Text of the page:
By Nate Ewell
Although conference foes in the NCHC, Denver and Minnesota Duluth only met twice in the regular season. Those games produced a memorable series split.
Saturday they will meet on a bigger stage, at the national championship game at Chicago’s United Center (8 p.m. ET, ESPN, TSN GO). Like that early December weekend in Denver, the Pioneers and Bulldogs are the No. 1 and 2 teams in the country – but it’s down to one game now, winner take all.
“It’s going to be a barnburner,” Denver head coach Jim Montgomery said. “It’s going to be a great show for college hockey.”
Montgomery, coincidentally, was playing the last time the top two seeds in the tournament met in the final, in 1993. His No. 1 Maine team defeated Lake Superior State on the strength of Montgomery’s third-period hat trick. That, too, was a great show.
Saturday Montgomery will try to join three other men who have won the Division I hockey championship as players and coaches (Mike Eaves, George Gwozdecky and Al Renfrew).
On the other bench, head coach Scott Sandelin shoots for his second national championship in seven years, having guided Minnesota Duluth to its first in 2011.
Each coach knows what a stern test they face in their conference rival. Combined the two teams are 34-3-3 in their last 20 games; one of them has occupied the No. 1 spot in the USCHO.com poll for 18 of the last 20 weeks.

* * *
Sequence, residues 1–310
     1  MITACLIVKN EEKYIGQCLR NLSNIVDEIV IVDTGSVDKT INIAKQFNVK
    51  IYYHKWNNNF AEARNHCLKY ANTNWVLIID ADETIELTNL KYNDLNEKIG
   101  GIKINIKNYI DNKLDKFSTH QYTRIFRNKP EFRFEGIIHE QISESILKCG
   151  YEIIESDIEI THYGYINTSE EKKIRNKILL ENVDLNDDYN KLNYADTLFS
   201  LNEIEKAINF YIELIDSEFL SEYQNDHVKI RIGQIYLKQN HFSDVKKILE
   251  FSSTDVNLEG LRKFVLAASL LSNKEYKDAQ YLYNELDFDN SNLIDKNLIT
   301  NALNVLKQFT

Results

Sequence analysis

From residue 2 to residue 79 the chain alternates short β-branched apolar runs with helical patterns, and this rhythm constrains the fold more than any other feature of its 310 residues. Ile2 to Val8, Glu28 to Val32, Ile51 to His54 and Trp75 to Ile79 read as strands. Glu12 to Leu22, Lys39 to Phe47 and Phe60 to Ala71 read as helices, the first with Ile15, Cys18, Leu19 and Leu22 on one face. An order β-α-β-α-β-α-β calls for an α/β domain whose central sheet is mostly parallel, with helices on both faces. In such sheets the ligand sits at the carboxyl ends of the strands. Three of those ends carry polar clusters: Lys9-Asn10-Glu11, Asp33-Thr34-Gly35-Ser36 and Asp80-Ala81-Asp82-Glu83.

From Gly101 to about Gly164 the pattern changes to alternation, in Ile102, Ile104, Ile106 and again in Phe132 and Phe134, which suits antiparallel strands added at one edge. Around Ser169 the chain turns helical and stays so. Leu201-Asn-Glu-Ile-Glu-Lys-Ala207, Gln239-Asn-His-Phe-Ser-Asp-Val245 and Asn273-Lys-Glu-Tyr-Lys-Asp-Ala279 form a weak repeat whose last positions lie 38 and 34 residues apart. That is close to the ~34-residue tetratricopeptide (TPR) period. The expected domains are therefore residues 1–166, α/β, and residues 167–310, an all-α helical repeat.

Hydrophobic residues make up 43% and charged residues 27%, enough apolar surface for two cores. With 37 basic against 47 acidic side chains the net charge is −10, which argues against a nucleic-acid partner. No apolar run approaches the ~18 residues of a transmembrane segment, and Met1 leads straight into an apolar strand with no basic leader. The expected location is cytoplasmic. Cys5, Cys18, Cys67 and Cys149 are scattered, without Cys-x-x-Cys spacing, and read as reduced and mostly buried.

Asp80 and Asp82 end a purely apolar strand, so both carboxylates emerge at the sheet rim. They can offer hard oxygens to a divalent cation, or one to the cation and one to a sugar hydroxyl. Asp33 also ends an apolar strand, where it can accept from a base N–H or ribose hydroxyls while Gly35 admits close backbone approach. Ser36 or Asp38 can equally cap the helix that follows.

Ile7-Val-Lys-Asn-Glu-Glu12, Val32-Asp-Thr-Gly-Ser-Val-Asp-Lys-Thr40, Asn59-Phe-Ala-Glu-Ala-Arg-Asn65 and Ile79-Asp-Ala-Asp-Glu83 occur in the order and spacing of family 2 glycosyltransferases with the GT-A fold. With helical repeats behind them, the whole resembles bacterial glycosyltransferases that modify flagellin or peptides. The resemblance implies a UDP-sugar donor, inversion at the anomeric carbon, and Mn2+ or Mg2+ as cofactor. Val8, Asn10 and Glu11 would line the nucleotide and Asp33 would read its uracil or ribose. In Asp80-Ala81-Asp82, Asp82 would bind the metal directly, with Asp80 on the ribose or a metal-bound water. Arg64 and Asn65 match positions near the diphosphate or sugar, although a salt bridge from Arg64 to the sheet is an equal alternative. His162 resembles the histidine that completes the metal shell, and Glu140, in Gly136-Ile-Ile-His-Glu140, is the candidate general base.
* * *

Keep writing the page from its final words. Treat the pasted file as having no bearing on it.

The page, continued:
The December games offered a preview of what fans can expect Saturday night.
“That weekend was a lot of fun as a player,” Denver senior Colin Staub said Friday. “It was back-and-forth hockey. It was a lot of speed. It was pretty physical, and like this time it was No. 1 versus 2 that weekend. There was a lot of hype going into it and it was a lot of fun for players. The split kind of kind of made it a little even more of a rivalry coming into this game now.”
As Denver seeks its eighth championship and Duluth its second, both know the stakes.
“I talked to our guys about it before we got here,” Sandelin said Friday. “It's great to get there. But to experience the whole thing, you've got to win that Thursday game. And you know what? They did, so they get to experience that and they get to play in the last game of the year. And there's nothing better than that.
“That's what you work for all year. So it's been well worth it, and I hope they enjoy the hell out of it. Because it's something they'll never forget.”